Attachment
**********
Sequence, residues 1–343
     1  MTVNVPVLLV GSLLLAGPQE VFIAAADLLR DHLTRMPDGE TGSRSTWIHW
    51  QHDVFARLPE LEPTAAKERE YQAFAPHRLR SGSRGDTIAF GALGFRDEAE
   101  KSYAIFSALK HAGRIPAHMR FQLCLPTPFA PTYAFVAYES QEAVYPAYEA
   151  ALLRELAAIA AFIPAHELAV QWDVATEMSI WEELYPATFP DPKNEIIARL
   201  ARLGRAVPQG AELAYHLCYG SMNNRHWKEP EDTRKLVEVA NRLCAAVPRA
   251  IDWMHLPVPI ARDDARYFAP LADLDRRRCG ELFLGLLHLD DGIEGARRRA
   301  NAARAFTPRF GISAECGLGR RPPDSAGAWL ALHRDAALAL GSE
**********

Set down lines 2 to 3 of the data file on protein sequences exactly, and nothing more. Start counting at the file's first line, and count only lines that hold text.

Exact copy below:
     1  MTVNVPVLLV GSLLLAGPQE VFIAAADLLR DHLTRMPDGE TGSRSTWIHW
    51  QHDVFARLPE LEPTAAKERE YQAFAPHRLR SGSRGDTIAF GALGFRDEAE